A Masai villager installs a living fence.
attacks and retaliatory killings by more than 85 percent in the areas they've been installed, the Guardian reports
. Traditionally, the Masai have built livestock enclosures out of thorny acacia trees, but those fences are relatively fragile. Chain-link fencing alone is more durable, but leopards and small lions can scale the fences, and hyenas can tunnel in below. By interweaving actively growing African myrrh trees with the chain link fencing, the Masai have created a barrier that lions can't climb over, and their root systems prevent predators from digging under the fence. Because livestock predation has been cut, communities that had been killing six or seven lions annually now kill, on average, less than one, leading to a rebound in lion populations.
01 Apr 2014:
Delaware River Watershed
Is Focus Of Large-Scale Restoration Project
A Philadelphia foundation is providing $35 million to launch a host of programs aimed at better protecting the Delaware River
, which flows through the heart of
Delaware River at Trenton, New Jersey
the populous U.S. eastern seaboard and provides drinking water for 15 million people. The William Penn Foundation, working with nonprofit groups such as The Open Space Institute, says its Delaware River Initiative will protect more than 30,000 acres of land, launch 40 restoration projects, create incentives for businesses and landowners to protect the watershed, and set up a comprehensive program of water quality monitoring that will enable the foundation and its partners to measure the success of their programs and the overall health of the river. A cornerstone of the foundation’s initiative will be its restoration and protection work in eight so-called “sub-watersheds” that feed into the Delaware River.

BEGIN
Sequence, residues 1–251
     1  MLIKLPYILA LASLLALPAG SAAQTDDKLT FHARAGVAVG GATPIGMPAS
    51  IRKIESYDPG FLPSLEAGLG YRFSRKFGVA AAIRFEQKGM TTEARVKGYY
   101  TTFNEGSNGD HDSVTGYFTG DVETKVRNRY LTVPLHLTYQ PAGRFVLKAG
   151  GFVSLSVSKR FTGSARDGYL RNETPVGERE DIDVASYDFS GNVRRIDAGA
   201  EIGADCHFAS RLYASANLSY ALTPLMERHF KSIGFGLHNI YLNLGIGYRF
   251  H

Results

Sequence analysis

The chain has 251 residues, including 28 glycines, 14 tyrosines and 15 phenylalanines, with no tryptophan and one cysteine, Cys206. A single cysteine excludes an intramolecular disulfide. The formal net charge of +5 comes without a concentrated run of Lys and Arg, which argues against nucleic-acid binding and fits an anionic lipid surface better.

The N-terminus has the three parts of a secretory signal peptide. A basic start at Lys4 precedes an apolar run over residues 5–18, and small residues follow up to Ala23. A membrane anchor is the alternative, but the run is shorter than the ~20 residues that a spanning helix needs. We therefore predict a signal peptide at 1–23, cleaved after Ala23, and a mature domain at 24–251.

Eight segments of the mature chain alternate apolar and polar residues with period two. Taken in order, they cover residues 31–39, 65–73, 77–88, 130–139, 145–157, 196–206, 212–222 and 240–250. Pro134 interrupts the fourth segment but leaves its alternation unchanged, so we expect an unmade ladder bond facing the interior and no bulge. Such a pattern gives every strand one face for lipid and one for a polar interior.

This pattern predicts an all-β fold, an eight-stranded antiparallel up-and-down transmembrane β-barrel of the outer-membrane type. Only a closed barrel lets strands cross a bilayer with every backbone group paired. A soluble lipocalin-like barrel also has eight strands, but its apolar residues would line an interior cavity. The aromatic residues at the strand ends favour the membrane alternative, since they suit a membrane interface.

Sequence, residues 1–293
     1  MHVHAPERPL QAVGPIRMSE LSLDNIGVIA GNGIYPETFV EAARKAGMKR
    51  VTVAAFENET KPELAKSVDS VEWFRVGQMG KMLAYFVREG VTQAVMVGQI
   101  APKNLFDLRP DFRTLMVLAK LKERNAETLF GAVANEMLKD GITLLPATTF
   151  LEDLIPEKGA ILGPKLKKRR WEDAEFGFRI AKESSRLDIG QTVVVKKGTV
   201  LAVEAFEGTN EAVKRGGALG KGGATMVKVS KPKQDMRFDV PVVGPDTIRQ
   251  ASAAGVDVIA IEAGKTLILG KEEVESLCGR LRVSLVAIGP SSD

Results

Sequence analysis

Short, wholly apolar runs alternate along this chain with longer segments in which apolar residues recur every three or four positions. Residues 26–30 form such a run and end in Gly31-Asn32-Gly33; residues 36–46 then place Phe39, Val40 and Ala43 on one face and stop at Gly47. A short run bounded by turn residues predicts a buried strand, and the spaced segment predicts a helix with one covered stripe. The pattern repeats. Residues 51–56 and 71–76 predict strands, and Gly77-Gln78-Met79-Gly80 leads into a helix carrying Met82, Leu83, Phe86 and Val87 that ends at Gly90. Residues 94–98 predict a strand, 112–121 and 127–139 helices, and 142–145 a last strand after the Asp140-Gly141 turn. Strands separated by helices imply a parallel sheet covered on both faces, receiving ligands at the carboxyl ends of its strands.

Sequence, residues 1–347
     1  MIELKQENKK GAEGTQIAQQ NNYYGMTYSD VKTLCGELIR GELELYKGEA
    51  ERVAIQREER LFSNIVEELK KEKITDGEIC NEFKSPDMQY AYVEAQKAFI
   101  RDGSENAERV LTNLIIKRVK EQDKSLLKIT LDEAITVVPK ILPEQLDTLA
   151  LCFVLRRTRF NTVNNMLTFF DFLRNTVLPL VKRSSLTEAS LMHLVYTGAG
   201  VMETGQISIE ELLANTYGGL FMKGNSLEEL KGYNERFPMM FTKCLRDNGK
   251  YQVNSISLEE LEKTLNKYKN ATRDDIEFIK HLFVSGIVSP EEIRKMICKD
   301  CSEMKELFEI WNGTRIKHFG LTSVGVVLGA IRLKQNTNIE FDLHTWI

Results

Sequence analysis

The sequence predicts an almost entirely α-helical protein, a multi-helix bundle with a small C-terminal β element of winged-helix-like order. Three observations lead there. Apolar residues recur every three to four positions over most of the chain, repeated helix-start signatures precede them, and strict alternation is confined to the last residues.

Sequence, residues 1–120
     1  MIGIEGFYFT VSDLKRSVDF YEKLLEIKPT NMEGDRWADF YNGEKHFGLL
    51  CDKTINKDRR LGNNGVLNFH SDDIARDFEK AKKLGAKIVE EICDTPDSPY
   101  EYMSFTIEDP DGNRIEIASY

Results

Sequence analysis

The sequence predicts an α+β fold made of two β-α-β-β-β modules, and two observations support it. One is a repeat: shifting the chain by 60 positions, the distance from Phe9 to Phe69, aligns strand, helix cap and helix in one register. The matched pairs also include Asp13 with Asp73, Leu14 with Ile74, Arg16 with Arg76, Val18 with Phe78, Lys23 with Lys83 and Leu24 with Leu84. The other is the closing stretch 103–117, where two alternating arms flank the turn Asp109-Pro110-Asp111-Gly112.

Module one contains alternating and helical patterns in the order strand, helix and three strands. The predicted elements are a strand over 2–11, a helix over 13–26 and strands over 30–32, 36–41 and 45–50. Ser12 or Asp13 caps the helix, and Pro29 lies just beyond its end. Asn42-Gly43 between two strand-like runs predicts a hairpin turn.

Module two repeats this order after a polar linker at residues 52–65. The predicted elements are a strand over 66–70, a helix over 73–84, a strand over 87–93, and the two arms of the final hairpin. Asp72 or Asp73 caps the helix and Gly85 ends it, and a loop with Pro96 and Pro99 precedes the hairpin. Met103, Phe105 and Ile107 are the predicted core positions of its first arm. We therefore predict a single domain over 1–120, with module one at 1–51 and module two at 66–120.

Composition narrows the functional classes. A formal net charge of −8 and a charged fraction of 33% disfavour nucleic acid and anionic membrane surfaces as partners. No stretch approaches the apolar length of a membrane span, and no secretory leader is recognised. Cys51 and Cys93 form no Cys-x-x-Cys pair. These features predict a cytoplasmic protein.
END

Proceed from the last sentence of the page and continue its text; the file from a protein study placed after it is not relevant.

24 Mar 2014:
Ride-Sharing Could Cut Taxi
Trips by 40 Percent in NYC, Analysis Shows
New interactive maps from MIT analyze the potential environmental and economic savings of ride-sharing in dense urban areas — in particular, the benefits of sharing taxicabs in New York City. The project, called
, uses data from 170 million trips made by New York City's 13,500 taxis in 2011. High-resolution GPS coordinates and timestamps for each trip allowed researchers to pinpoint locations in the city that are high-traffic hubs for taxi pick-ups and drop-offs, as well as calculate fare savings, decreases in total miles traveled, and cuts in CO2 emissions if ride-sharing existed. The researchers found that taxi-sharing could reduce the number of trips by 40 percent with only minimal inconvenience to the passengers. The findings highlight the potential benefits of ride-sharing in New York and other cities, including lower vehicle emissions, reduced congestion, and savings in time and money.
07 Mar 2014:
U.S. Car-Sharing Programs Have
Taken 500,000 Cars off Roads, Report Says
The rapid growth of car-sharing programs has cut the number of vehicles on U.S. roads by more than half a million, according to new research
by AlixPartners, a consultancy group with clients in the automotive industry. The trend will continue beyond 2020, the group projects, at which point 4 million people will be participating in car-sharing programs and 1.2 million fewer cars will be on the road. Of the 10 cities surveyed, residents of Boston, home of the Zipcar company, were most aware of car-sharing programs. Young people and, surprisingly, households with children were least likely to own their own cars, the survey said. Roughly half of the people who had tried car-sharing had already decided not to purchase or lease their own car, and did not plan to do so in the future. Rather than environmental concerns, nearly 60 percent of interviewees said cost and convenience led them to participate in car-sharing.